Review: Evita, Adelphi

I was adamant that I didn’t want to see this production of Evita for so long and I am not really sure why. But having announced its closure and with some good ticket deals floating around, I finally took the plunge and boy, was I wrong. Central to this revival of the 1978 Andrew Lloyd-Webber and Tim Rice collaboration was the casting of the Argentinean Elena Roger to take on the title role of this rags to riches story of the second wife of Argentinean president Juan Perón, Eva Duarte, whose controversial rise to power captured the hearts of some, thoroughly alienated others but ensured her a lasting legacy as one of the most colourful political leaders.

From the opening number, I could feel something exciting happening, a certain energy on the stage, which then exploded in a joyous version of ‘Buenos Aires’ filled with ecstatic singing, tight Latin-inspired choreography and I just loved it, I was ready for giving a standing ovation from then on! The incorporation of a real Latin American feel into both the music and choreography gives the show a real injection of authenticity which lifts it into the stratosphere.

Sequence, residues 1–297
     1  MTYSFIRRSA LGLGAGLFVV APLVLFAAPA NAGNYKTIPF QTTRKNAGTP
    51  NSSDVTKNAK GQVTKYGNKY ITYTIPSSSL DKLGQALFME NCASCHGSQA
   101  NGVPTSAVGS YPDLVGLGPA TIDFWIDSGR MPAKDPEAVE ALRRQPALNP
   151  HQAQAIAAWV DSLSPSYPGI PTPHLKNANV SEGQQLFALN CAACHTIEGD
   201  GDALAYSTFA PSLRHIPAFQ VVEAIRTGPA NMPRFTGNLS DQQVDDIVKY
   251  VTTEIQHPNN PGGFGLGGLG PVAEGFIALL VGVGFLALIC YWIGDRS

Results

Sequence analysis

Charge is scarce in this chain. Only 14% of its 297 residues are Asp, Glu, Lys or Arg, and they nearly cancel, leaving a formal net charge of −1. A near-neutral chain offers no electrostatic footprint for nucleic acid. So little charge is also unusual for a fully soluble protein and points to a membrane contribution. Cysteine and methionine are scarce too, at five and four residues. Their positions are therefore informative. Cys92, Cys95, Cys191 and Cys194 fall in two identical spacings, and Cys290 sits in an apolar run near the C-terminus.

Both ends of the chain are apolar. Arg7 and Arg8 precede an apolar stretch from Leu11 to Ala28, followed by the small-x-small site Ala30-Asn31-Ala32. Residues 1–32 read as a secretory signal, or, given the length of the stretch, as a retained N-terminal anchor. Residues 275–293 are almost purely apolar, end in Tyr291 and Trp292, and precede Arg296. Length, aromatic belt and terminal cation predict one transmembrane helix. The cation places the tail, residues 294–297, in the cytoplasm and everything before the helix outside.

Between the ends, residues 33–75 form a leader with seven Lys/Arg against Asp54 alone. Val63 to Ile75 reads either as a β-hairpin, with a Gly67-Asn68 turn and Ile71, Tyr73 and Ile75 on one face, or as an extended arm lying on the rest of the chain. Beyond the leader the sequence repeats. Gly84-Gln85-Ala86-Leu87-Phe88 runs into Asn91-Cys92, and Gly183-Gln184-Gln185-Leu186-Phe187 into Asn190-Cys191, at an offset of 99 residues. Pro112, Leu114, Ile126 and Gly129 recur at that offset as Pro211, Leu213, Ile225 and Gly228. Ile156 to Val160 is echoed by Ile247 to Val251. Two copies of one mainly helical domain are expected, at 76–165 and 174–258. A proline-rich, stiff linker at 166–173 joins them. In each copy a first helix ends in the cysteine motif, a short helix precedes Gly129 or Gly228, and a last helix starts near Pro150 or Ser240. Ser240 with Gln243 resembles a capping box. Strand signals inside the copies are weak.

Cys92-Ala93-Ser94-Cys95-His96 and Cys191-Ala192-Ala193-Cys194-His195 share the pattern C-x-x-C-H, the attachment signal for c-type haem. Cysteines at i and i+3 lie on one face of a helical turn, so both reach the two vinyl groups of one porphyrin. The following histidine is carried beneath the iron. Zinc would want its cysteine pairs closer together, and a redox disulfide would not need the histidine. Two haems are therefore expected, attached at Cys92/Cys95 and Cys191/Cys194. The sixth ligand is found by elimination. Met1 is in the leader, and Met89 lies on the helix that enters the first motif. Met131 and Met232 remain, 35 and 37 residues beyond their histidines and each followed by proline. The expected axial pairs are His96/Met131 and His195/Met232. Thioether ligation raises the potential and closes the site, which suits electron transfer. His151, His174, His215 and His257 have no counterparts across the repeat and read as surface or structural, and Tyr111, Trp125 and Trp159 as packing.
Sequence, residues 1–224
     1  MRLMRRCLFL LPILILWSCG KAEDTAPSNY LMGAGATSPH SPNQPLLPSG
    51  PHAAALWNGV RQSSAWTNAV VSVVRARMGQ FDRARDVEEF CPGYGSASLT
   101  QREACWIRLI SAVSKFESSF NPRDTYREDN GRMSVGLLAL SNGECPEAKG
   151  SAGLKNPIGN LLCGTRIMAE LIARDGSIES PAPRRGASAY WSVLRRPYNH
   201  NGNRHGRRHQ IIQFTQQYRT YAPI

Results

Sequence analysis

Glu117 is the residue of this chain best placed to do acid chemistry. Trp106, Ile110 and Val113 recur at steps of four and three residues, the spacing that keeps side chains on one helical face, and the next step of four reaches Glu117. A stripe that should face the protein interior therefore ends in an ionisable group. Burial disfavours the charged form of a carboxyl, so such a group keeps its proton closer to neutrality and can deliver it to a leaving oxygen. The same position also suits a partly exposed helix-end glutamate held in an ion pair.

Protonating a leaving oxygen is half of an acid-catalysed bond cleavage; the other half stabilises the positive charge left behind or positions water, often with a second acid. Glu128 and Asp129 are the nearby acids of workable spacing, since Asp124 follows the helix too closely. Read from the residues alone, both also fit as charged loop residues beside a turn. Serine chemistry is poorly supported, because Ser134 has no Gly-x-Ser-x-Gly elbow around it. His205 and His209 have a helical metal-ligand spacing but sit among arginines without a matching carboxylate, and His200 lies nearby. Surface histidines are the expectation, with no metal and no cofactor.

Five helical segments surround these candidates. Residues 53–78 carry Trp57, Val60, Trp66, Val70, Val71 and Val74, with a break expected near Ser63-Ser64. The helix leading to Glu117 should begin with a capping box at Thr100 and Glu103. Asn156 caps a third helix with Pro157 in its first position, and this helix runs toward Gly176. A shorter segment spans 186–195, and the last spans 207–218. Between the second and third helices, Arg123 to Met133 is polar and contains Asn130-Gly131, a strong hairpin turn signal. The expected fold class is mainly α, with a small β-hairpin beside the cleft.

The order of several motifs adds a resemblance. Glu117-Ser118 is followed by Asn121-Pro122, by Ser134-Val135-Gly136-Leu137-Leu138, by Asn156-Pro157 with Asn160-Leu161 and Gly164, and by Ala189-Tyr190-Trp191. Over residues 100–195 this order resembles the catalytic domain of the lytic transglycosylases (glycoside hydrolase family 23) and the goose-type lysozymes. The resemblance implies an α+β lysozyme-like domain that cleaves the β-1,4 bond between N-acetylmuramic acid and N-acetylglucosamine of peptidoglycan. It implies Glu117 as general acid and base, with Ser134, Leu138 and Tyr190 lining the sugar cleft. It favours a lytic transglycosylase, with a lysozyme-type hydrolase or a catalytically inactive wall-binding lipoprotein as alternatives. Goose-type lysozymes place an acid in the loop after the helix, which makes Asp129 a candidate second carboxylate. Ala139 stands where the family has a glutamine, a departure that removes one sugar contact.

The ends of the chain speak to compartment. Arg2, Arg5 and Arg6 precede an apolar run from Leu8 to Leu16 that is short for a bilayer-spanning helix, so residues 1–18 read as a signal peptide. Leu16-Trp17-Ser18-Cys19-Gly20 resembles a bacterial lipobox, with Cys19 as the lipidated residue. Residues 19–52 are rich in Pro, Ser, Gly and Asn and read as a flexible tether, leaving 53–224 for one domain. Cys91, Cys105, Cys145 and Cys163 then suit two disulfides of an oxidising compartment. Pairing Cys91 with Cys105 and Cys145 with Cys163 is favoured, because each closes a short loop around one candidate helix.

Roger is more than equal to the task of portraying the complex figure that was Eva Perón as she reveals herself to be an excellent actress as well as a flawless singer. ‘Don’t Cry For Me Argentina’ is one of those songs which has been much abused in the songbook by a vast range of singers of varying quality, so it was an absolute pleasure to see and hear Roger deliver a nuanced yet highly emotional rendition of the song which totally rehabilitated it for me. ‘You Must Love Me’ (being performed for the first time in an English stage production of this) was just heartbreaking but she was equally at home in the more upbeat numbers.

Supported well by Philip Quast’s genial Perón and Matt Rawle’s swaggering Ché Guevara and a sparkling turn from Lorna Want in delivering ‘Another Suitcase for Another Hall’, this production of Evita was a sheer delight for me, probably all the more so given my initial expectations. So much of it is good, but it is the star making performance from Elena Roger that makes this really superb.

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